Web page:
No decision yet on latest Razorback Golf Course rezoning

Former Razorback Golf Course / File photo

A new proposal for re-developing the old Razorback Golf Course seems to be on the right track, but area neighbors said they want some assurances before giving an official thumbs-up.

Developer Bart Bauer said Tuesday his vision for the property includes low-density single-family homes along with a small quadplex subdivision similar to the Pines at Springwoods across Deane Solomon Road.

Bauer’s plan is much different than what was proposed earlier this year by Lindsey Management. The Lindsey plan would’ve allowed up to 730 residential units, including 480 apartments and a mix of commercial spaces. The proposal was partially opposed by the Planning Commission, and neighbors who cited concerns with a number of issues including traffic safety, drainage, use compatibility, and overall quality of life. While some neighbors expressed concern over any development of the land, the opposition focused its efforts on stopping the planned apartment complex.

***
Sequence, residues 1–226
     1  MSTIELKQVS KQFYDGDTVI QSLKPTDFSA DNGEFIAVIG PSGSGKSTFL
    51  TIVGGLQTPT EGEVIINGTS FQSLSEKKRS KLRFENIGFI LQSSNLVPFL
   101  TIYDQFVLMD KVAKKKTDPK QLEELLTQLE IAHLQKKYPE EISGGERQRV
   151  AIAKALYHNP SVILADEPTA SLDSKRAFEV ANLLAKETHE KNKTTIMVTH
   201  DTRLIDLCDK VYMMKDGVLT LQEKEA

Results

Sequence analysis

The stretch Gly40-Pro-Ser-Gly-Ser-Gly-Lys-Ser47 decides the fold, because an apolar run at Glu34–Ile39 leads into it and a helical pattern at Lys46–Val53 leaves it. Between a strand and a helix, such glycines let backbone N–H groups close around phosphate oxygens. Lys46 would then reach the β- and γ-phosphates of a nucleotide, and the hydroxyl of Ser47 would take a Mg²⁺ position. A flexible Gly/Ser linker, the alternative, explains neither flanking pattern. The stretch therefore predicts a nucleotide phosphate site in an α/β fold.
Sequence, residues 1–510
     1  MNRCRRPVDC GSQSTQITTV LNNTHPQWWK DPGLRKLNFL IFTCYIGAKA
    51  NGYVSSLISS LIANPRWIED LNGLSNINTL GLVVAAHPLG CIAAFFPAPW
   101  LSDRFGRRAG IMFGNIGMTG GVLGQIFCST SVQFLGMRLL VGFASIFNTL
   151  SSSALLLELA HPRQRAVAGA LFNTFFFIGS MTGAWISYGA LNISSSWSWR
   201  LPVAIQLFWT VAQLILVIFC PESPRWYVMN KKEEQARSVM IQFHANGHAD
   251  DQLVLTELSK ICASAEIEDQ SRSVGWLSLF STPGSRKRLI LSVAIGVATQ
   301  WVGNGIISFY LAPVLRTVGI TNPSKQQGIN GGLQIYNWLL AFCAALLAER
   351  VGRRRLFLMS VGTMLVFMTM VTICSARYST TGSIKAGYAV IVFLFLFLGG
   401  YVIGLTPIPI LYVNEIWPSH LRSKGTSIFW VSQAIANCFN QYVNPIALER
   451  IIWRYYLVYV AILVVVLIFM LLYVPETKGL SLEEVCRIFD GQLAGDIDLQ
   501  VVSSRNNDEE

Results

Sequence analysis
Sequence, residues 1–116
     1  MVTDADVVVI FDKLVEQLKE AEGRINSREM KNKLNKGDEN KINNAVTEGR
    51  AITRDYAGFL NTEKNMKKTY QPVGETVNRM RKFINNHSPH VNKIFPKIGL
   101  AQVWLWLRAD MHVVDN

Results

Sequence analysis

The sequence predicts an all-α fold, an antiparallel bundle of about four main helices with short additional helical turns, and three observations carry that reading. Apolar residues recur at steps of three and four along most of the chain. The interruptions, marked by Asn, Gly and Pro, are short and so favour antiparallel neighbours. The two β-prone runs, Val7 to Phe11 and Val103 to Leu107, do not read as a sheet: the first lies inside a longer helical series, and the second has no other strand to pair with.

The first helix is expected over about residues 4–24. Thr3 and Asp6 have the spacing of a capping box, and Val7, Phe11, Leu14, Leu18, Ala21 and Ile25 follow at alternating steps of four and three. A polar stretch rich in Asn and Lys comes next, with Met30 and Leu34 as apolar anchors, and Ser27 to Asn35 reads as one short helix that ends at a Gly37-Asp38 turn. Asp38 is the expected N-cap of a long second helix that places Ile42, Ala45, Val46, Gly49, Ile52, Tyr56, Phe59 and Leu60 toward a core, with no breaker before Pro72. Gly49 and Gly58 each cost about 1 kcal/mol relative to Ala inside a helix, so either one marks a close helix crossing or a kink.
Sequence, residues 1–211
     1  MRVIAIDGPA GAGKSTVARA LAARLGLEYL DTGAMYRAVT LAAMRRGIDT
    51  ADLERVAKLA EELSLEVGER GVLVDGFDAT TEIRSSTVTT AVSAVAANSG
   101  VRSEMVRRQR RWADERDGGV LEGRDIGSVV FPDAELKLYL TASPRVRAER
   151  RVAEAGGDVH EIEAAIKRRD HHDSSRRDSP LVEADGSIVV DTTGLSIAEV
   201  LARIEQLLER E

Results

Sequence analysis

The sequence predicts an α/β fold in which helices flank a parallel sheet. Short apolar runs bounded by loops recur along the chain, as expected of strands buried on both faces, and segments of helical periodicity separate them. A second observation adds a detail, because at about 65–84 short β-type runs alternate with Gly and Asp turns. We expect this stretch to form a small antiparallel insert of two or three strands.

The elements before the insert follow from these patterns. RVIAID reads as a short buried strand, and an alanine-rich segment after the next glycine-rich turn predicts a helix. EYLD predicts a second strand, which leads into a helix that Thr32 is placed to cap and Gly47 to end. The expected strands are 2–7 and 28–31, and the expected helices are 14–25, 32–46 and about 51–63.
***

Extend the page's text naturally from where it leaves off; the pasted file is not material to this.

Ultimately the proposal was denied when aldermen voted unanimously against the plan in March.

Bauer’s request is to zone about 73 acres of the 99-acre property as Neighborhood Conservation and 15 acres as Neighborhood Services, while designating 11 acres as Residential Agricultural. The proposal was recently approved by the Planning Commission and also carries support from city planning staff.

Although Neighborhood Conservation allows up to 10 single-family homes per acre, Bauer said his ideas are much more modest. He said about half of the land includes ponds, floodplains, and unique topography that makes it unusable.

“It’s very difficult to develop at all,” Bauer said, adding that his plan calls for about two lots per acre. “There’s no way this could ever be high density.”

Most residents who spoke Tuesday liked the new idea, but said they’re worried about what could happen to the property if the land is rezoned and Bauer’s plans fall through.

Many said if Bauer offered a formal bill of assurance limiting the number of units that could be developed, they’d likely be in support. When asked if he’d consider such an offer, Bauer said, “I think I could look into it, yes.”

Jeremy Pate, the city’s development services director, said staff have received several emails in the past few days from concerned residents – some who said they couldn’t make it to the meeting on Tuesday. Pate asked the council to hold off on making a final decision Tuesday in order to give neighbors more time to voice their concerns.

Aldermen agreed, and left the item on its first reading. The discussion will continue at the next regular City Council meeting on Aug. 2.